The best time to hike the Warrie Circuit trail? After heavy, heavy rain, when the waterfalls are in full force. This is a weekend trip you won’t regret.


  • 9 waterfalls, maybe more if there’s been recent rain
  • Offers gorgeous views over the national park and the Gold Coast
  • Quiet and diverse trail

The Lowdown

Every wilderness explorer knows that feeling. When you set out on a trail and you’re the only one there. Your senses are heightened as you walk along the trail in the early morning light, taking in the sights, smells and sounds. The weight of the working week lifts off your shoulders as you enjoy the serenity of nature.

What struck me the most as I set out on the Warrie Circuit trail was the chorus of the waterfalls around me. There’s at least 9 waterfalls on or nearby this trail — more if you count the cascades of water spilling down the plateau walls where normally there aren’t any waterfalls.

I decided to do this trail after a week of heavy rain, knowing the waterfalls would be at their peak. And they were even better than I expected.

At 6.45am, there was not a soul around me save for the pademelons hopping around in the scrub. Just the way I like it.

The trail starts on the popular Twin Falls circuit from the Tallanbanna Picnic Area. You can choose to complete the circuit in either direction but I chose to start by going clockwise, skirting to Twin Falls first as I knew it would be teeming with daytrippers later on.

You’ll find Twin Falls just after you pass through two striking rock clefts. You’ll likely hear the falls before you see them as they tumble impressively into the waterhole below, lapping onto the walkway and spraying clouds of mist.


Gold Coast View Warrie Circuit Lisa Owen


Continuing along the Twin Falls Circuit trail, you’ll reach the watery curtain of Blackfellow Falls. You’ll get wet walking behind this one after lots of rain. From Blackfellow Falls, you can continue on to do the 4km Twin Falls Circuit or chuck a sharp right turn and head down onto the 17km Warrie Circuit.

The Warrie Circuit winds down into the valley and something tells me not many people do the trail. There’s a few tree trunks to jump over and lots of overhanging shrubs to duck. And I didn’t see 1 other person on this trail.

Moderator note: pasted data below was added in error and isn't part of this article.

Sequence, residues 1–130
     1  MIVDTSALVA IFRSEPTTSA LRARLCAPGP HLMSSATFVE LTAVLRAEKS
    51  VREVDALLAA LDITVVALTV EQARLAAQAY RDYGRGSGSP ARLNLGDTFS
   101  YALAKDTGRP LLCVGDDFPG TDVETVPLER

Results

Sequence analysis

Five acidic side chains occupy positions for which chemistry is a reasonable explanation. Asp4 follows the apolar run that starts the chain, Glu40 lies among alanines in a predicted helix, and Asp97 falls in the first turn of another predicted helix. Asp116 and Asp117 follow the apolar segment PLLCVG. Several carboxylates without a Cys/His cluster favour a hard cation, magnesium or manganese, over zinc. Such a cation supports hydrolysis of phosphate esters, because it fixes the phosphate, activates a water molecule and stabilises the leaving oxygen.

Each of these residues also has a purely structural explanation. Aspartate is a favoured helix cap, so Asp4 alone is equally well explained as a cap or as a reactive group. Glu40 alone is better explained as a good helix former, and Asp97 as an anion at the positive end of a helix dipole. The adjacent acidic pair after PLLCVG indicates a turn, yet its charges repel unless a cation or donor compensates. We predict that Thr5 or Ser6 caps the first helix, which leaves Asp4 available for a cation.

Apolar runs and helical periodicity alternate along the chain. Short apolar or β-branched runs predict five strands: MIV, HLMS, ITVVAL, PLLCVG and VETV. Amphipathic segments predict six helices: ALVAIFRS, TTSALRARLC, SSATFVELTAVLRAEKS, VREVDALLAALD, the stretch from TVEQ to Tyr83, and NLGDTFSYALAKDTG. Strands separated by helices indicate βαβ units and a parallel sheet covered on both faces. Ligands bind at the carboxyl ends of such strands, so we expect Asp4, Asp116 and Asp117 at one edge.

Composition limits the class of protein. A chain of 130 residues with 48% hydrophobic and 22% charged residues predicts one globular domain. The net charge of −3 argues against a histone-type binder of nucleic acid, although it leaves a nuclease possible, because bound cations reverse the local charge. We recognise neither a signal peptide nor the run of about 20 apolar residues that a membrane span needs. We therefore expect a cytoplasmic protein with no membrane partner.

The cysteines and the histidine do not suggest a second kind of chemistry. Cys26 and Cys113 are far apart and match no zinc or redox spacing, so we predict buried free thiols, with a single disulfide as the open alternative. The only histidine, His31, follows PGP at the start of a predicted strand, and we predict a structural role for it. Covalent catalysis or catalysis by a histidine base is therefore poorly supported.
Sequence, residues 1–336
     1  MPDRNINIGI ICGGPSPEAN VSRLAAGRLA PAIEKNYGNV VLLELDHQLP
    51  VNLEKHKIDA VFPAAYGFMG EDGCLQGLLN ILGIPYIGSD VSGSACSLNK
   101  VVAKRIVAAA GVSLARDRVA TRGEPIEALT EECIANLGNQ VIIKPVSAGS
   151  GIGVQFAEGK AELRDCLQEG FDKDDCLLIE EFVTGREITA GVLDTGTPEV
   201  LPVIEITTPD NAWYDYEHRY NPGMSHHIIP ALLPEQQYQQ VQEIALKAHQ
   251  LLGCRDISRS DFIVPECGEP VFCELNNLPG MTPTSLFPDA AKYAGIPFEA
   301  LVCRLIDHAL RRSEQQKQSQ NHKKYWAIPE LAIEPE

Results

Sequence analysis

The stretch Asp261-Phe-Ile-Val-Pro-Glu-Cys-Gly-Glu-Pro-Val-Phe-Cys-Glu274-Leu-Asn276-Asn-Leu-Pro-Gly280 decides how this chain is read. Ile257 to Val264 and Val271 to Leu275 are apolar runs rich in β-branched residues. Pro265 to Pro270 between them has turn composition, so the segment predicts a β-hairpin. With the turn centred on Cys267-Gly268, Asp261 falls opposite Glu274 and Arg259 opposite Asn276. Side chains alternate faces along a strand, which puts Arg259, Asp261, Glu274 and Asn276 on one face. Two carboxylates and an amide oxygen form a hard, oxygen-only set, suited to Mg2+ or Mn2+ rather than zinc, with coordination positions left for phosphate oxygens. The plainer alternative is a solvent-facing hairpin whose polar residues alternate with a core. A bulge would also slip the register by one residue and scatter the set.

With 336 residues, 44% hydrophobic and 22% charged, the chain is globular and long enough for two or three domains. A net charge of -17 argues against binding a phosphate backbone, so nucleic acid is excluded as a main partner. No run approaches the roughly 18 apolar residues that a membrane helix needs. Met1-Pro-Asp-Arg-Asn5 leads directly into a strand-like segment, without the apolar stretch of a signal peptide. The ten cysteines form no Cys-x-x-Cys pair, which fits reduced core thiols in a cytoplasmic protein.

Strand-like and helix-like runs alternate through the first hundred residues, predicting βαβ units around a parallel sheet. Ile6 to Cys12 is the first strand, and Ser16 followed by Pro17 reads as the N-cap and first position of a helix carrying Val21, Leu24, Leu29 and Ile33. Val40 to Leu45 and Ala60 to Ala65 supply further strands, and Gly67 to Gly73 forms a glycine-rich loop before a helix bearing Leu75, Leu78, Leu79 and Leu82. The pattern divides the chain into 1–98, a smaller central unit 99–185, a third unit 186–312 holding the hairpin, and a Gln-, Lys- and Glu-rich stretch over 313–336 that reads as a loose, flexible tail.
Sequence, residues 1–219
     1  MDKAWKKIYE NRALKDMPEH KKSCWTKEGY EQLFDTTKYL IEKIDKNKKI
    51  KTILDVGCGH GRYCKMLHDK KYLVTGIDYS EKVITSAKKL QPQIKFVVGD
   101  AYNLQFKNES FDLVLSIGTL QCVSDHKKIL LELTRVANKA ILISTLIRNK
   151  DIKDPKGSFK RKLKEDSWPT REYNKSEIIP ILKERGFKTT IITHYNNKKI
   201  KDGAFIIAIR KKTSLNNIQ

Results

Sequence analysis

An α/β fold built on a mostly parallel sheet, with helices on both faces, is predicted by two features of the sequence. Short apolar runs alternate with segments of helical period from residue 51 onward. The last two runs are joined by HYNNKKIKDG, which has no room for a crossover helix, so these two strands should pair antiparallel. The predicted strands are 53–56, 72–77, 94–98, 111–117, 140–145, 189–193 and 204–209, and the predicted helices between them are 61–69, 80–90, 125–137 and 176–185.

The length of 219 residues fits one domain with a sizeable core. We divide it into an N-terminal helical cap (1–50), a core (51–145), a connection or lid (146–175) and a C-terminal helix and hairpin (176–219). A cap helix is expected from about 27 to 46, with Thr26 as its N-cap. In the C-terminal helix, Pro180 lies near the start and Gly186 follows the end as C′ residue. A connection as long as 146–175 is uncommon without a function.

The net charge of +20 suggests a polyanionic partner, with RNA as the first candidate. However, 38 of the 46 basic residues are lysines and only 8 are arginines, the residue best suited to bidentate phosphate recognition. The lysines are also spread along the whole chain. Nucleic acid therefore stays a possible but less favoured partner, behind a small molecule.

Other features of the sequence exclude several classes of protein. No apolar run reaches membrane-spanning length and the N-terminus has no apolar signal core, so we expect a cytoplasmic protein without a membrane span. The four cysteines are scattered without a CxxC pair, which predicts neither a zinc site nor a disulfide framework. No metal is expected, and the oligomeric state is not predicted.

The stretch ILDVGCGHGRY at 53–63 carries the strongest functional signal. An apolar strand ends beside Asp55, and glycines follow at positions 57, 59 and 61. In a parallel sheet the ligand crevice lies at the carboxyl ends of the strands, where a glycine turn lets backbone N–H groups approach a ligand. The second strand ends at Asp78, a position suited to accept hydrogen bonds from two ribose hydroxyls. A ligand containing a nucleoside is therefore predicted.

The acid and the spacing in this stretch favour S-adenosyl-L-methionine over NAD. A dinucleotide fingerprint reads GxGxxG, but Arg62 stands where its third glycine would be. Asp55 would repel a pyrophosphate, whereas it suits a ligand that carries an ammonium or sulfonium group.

First up you’ll pass Poondahra and Poonyahra Falls – one after the after. These waterfalls flow on from Blackfellow Falls – the trio of falls plummeting a total of 180 metres down to the valley.  Then be prepared to get your feet wet if it’s rained recently to get across fast running creek crossings. I opted to take off my shoes and socks as the water went up mid-thigh and I didn’t like the idea of walking the rest of the circuit in soggy shoes and socks.


Gold Coast View Warrie Circuit Lisa Owen


Watch out for stubborn carpet pythons around the creek crossings (I nearly walked on a couple, good camouflage guys!) — you may find a few on the trail.

After a creek dip, back up the ridge you go. On the home stretch, you’ll reach Goomoolahra Falls. You’ll see glimpses of it through the trees before you reach it. These falls tumble over the concrete pathway and it’s a really magical spot to spend a while sitting on the trail steps.

The last couple of kilometres of the trail is gorgeous as you get views out to the adjacent ridgeline and across the densely treed mountains out to the skyscrapers of the Gold Coast and past that, the Pacific Ocean.


Gold Coast View Warrie Circuit Lisa Owen


Last but not least was Rainbow Falls — and one of my favourites. It’s another waterfall you can walk behind. When I visited, these falls were absolutely cranking, the water crashing loudly down onto the rocks below.

The trail leads you back to where you started at the rock clefts and then it’s about a kilometre back to the car park.

** Be careful with fast-running water and make sure you do your research before you head out. If unsure, do not cross, turn back.

Essential Gear

  • Insect repellent
  • Waterproof hiking shoes
  • Long pants
  • Rain jacket
  • Waterproof backpack cover/dry bag
  • Camera
  • Water & snacks


  • Photography
  • Hiking
  • Swimming

How To Get There

Springbrook National Park is an easy 90 minute drive from Brisbane via Nerang.

Take Exit 69 off the Pacific Motorway and follow the signs to Springbrook along the Nerang–Murwillumbah Road. Take the Springbrook turn-off at Pine Creek Road and park at Tallanbanna Picnic Area.

Skill Level


Duration / Distance Covered

The hike will take about 4-5 hours and is about 19 kilometres.